South Africa

In South Africa, free press legacy fades

Nelson Mandela championed a free press as "the lifeblood of democracy." But that legacy is fading with the Pretoria High Court ruling in December that criminal defamation is constitutional. Police force photographers on three separate occasions to delete images of law enforcement agents. In summing up the increasingly restrictive environment for South Africa's press, International Press Freedom Award winner Ferial Haffajee writes "As Africa rises, her journalists should not be seen as enemies of the state."

Watch: Ferial Haffajee's acceptance speech
(AFP/Anesh Debiky)

Reports   |   Bangladesh, Denmark, Ecuador, France, India, Iran, Malaysia, South Africa, Sri Lanka, Syria, USA, Venezuela

Drawing the line: Cartoonists under threat

On January 7, two gunmen burst into the offices of French satirical magazine Charlie Hebdo, killing eight journalists and bringing into focus the risks cartoonists face. But with the ability of their work to transcend borders and languages, and to simplify complex political situations, the threats faced by cartoonists around the world—who are being imprisoned, forced into hiding, threatened with legal action or killed—far exceed Islamic extremism. A Committee to Protect Journalists special report by Shawn W. Crispin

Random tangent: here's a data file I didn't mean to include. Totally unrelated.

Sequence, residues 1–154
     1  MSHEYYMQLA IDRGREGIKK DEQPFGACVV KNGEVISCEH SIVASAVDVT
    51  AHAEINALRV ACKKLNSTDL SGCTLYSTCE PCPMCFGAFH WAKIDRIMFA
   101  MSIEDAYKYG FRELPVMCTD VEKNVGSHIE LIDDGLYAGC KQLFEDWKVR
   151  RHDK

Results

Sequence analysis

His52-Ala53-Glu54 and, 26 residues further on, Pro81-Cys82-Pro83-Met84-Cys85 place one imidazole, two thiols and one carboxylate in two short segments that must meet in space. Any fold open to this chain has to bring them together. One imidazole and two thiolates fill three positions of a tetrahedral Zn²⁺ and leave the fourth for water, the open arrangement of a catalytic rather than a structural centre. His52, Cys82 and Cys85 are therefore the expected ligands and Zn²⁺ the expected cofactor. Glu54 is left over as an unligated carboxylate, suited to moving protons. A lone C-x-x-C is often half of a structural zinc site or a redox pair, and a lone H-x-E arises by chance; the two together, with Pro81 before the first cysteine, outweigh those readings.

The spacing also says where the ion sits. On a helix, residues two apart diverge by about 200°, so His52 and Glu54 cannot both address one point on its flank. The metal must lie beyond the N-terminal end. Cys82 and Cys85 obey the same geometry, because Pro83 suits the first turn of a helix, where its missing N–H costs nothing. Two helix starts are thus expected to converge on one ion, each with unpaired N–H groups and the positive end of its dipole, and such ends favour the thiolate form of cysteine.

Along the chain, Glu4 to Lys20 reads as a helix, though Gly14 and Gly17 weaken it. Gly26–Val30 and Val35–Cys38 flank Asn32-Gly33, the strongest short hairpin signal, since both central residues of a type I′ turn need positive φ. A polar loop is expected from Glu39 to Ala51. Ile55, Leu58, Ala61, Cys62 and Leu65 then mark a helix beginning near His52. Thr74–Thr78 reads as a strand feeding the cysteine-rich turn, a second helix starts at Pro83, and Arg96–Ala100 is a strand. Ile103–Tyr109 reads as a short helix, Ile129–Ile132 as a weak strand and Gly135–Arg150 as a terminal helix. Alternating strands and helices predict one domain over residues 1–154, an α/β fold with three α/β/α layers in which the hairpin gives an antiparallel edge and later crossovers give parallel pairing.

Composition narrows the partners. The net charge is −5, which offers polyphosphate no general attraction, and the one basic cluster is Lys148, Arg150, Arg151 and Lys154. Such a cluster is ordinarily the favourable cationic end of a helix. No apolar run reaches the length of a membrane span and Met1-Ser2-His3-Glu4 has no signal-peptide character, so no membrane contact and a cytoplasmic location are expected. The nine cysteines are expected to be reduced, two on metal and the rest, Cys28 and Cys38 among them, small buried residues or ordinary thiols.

Attacks on the Press   |   South Africa, Swaziland

Outdated secrecy laws stifle the press in South Africa

A woman from the Right2Know campaign protests with her child against the State Information Bill, which would enable the prosecution of whistleblowers, public advocates, and journalists who reveal corruption, in Cape Town on April 25, 2013. (AP/Schalk van Zuydam)

Nelson Mandela regularly harangued the media once he'd been freed after 27 years of imprisonment by South Africa's apartheid government. He would call individual journalists when he liked or disliked something they had written or when he wanted to advance a political lobby.

Attacks on the Press   |   China, Cuba, Eritrea, Hungary, Iran, Poland, South Africa, Sudan, Syria, Vietnam

Journalists overcome obstacles through crowdfunding and determination